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Oxygen Deprivation in the Womb May Raise ADHD Risk

Posted December 14, 2012

MONDAY, Dec. 10 (HealthDay News) — Children who were deprived of oxygen in the womb or during birth are more likely to develop attention-deficit/hyperactivity disorder (ADHD), a new study says. Kaiser Permanente researchers found oxygen deprivation may play a greater role in the prevalence of ADHD than other genetic or familial risk factors for the[Read the Rest]

Hands-Only CPR Saves More Lives

Posted December 13, 2012

The chances of surviving cardiac arrest with good brain function are better when bystanders focus CPR efforts on chest compression without mouth-to-mouth rescue breathing, a nationwide Japanese study affirmed. When bystanders performed chest compression-only CPR and used a public-access defibrillator, 40.7% of out-of-hospital cases survived at least a month without needing assistance in daily living,[Read the Rest]

Targeting kids’ salt intake may curb childhood obesity rates, study says

Posted December 12, 2012

When it comes to childhood obesity, experts are not shy about suggesting a link between consumption of calorie-filled sugary drinks and ballooning obesity rates in the United States. However, a new study finds a target that its researchers say may be a better way to head off the obesity epidemic in kids and prevent them[Read the Rest]

A Vegan Diet (Hugely) Helpful Against Cancer

Posted December 11, 2012

If you’re anything like me, the “C” word leaves you trembling. But today there is very good news to report: Research suggests you can improve your odds of never getting cancer and/or improve your chances of recovering from it. Not with a drug or surgery, although those methods might be quite effective. This is all[Read the Rest]

Even Women Who Exercise Sit Too Much

Posted December 10, 2012

THURSDAY, Nov. 29 (HealthDay News) — For women who love that great, self-satisfied feeling after a workout, a new study could be a disappointing surprise. Regular exercise, the study found, does not reduce the risk of an otherwise sedentary lifestyle. Women who exercise regularly actually spend as much time sitting down as those who don’t[Read the Rest]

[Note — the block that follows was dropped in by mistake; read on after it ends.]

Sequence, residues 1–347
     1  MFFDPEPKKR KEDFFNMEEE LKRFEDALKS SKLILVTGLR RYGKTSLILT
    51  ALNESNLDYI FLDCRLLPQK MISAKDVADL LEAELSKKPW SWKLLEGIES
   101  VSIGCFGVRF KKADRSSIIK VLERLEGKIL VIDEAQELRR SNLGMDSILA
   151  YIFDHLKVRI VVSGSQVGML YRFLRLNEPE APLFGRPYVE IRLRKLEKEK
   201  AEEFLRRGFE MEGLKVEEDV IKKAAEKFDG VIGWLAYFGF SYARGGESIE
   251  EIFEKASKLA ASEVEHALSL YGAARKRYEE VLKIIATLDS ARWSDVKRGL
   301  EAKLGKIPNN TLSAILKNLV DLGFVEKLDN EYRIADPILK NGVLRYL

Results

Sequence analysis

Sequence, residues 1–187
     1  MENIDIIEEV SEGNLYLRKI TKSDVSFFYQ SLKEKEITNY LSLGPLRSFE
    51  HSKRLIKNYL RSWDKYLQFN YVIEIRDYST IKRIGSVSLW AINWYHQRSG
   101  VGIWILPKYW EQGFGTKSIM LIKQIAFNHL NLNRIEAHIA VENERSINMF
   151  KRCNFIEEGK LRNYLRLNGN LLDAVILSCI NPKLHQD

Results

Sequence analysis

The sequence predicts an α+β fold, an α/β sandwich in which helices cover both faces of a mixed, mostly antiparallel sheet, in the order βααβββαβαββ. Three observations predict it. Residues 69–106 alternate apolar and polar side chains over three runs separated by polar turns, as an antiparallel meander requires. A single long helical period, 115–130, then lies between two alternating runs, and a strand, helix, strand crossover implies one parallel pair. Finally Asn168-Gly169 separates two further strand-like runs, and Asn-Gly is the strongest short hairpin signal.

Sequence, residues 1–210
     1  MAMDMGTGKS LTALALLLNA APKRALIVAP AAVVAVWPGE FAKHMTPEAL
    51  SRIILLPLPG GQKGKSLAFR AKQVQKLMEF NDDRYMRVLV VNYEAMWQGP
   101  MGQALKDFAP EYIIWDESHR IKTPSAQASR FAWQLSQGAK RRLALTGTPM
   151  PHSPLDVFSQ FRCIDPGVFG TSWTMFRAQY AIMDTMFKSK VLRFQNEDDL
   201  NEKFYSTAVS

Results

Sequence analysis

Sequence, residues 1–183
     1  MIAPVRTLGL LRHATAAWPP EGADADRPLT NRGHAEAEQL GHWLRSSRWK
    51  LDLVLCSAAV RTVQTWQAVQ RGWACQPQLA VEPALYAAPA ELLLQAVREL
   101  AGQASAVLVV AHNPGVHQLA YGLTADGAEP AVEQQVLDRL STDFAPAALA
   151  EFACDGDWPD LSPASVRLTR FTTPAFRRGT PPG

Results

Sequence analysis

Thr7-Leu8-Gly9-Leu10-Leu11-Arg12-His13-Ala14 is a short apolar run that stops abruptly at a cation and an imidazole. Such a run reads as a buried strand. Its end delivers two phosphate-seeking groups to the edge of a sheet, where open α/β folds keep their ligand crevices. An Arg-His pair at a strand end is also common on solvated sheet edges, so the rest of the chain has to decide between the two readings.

Text Messages Help Smokers Kick The Habit

Posted December 9, 2012

Some good news about texting: A review of studies published by the Cochrane Collaboration finds that smokers trying to quit the habit are helped in a big way by supportive messages sent via text. We all know it’s really hard to quit smoking. Dr. Pamela Brar, an internist in private practice in La Jolla, Calif., says only 5[Read the Rest]

To help stop the flu, don’t touch your face

Posted December 8, 2012

“Want to avoid flu? Stop touching your face!”, reports the Daily Mail. The paper says that researchers have “found that we ‘inoculate’ ourselves with bacteria and viruses by touching our mouths and noses with our hands after brushing contaminated surfaces”. (The paper is using ‘inoculate’ to refer to catching, or becoming infected by, a bacteria[Read the Rest]

Cholesterol Myths that May Surprise You

Posted December 5, 2012

Life insurance companies know a surprising secret about cholesterol that most doctors never tell patients: When it comes to rating your risk for a fatal heart attack, the least important cholesterol number is your level of LDL (bad) cholesterol. In fact, life insurance actuaries don’t even look at LDL levels, because large studies show it’s the worst predictor of[Read the Rest]

Cartilage made easy with novel hybrid printer

Posted December 4, 2012

The printing of three-dimensional tissue has taken a major step forward with the creation of a novel hybrid printer that simplifies the process of creating implantable cartilage. The printer has been presented today, 22 November, in IOP Publishing’s journal Biofabrication, and was used to create cartilage constructs that could eventually be implanted into injured patients to[Read the Rest]

This is your brain on exercise

Posted December 3, 2012

Seniors who fit in the most daily physical activity – from raking leaves to dancing – can have more gray matter in important brain regions, researchers reported on Monday. The scientists have images that show people who were the most active had 5 percent more gray matter than people who were the least active. Having more[Read the Rest]